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IDFA presents three documentaries in our Europe Day festival Back

IDFA presents three documentaries in our Europe Day festival

26 Apr 2023

As in previous years IDFA participates in Europe Day with a selection of films that highlight different aspects of Life in Europe. This year for #EuropeDay23 the IDFA team selected three documentaries that will be available for free from May 9 – May 14. Two of the three films will have some geographical limits, and all three of them will be screened on IDFA’s digital platform.

Mr. Landsbergis
Lithuania, the Netherlands – 2021 – Sergei Loznitsa – 246 min.

Sergei Loznitsa is a consummate chronicler of the history of Eastern Europe, covering both fairly recent events such as the Ukrainian revolt in Maidan (2014) and earlier ones such as Stalin’s funeral in State Funeral (2019). Always vigilant in his representation of the past, he skillfully uses archive footage to make you feel like you are an eyewitness. So too in this film about the Baltic nation of Lithuania from 1989 to 1991, when it broke away from the Soviet Union. This period of peaceful protests involving lots of singing came to be known as the “singing revolution.”

As one of the founders of the independence movement, the now 88-year-old Vytautas Landsbergis found himself at the center of a radical historic shift. His perceptive reflections are complemented by extensive archive footage of demonstrations, party congresses, and Soviet military intervention. The lengthy archive segments bear witness to the patience required of Landsbergis and his compatriots on the path to freedom. A captivating and detailed history lesson on the breakup of the Soviet Union.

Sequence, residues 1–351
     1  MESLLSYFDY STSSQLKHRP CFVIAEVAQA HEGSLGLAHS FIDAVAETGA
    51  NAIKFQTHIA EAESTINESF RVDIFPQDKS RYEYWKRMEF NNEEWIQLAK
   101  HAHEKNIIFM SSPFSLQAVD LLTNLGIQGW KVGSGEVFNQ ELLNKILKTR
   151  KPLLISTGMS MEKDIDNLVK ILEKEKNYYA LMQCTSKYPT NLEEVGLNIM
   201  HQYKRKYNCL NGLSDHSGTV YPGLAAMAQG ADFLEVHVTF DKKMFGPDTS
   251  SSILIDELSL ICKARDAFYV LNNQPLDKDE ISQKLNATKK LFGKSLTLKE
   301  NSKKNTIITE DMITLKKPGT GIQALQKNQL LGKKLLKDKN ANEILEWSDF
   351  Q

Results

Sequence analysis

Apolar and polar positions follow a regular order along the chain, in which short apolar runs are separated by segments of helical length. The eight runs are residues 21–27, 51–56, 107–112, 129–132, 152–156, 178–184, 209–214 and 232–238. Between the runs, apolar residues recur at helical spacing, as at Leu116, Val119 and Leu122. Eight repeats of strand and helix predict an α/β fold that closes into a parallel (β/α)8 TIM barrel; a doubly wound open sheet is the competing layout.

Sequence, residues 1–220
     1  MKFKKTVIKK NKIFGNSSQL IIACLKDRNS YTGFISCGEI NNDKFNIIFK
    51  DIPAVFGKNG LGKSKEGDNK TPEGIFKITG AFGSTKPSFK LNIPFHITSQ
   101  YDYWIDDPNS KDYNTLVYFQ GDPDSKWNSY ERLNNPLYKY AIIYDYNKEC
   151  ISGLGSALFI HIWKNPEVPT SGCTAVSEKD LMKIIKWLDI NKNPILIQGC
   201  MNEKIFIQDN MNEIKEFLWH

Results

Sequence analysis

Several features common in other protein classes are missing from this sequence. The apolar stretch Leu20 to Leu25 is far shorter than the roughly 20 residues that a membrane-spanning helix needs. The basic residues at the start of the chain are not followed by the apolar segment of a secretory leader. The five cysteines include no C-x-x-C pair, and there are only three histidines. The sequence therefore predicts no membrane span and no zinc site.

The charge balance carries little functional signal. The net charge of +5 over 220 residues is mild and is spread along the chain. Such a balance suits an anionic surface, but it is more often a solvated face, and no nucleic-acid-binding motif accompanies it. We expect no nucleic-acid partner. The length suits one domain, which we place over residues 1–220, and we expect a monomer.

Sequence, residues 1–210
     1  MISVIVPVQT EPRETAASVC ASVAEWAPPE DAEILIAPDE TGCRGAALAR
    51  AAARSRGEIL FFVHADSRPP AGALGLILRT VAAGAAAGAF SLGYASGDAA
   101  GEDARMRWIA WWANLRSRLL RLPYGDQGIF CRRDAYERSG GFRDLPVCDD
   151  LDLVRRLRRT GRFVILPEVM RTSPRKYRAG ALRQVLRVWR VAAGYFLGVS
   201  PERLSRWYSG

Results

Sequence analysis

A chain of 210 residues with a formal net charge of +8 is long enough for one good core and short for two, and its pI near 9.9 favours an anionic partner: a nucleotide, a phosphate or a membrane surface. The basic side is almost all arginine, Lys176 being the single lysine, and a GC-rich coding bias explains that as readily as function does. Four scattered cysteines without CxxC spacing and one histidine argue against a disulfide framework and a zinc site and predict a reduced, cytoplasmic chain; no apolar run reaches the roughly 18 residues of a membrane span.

France – 2019 – Madeleine Leroyer – 63 min.

On April 18, 2015, a ship carrying at least 800 refugees sank off the Libyan coast. A year later, the salvaged wreck is brought to a Sicilian military base, where a forensic pathologist and her team are waiting to discover the identity of the victims. At this point, all that remains of victim #387 are remnants of clothing and decaying photographs and letters. Sim cards, soaked banknotes and a tube of toothpaste: these simple belongings have now become macabre still lifes.

In this investigative documentary, others employ their own methods to identify those who died. A researcher visits cemeteries where victims are buried as numbers, and works laboriously through various archives. Meanwhile, a Red Cross worker hopes to speak to possible family members in African villages, to discover the victims’ stories and give them a name.
This cinematic journey with a detective feel reveals the drudgery of humanitarian work, but above all it serves as a testament to the value of human life.

Chelas Nha Kau
Portugal – 2020 – Bataclan 1950, Bagabaga Studios – 57 min.

The hip-hop beats of rappers Bataclan 1950 reverberate around the stairwells and corridors. In Chelas nha Kau this group of friends from Lisbon use their music to offer a glimpse into the life of the Chelas neighborhood—and they’re frequently found behind the camera too.

From 2016 to 2019, the production house Bagabaga Studios worked with Bataclan 1950 on an honest portrait of daily life in Chelas. In improvised sessions, these young people rap about poverty, racism, love for their hood, and their pent-up anger. A video they make for one of their tracks becomes a YouTube hit.
The outside world has all sorts of preconceptions about Chelas, so life isn’t easy there. Pizza couriers don’t deliver here, and the police crack down so hard that kids are distrustful of them from a very young age. But all that’s counterbalanced by plenty of support, understanding, and solidarity among themselves.
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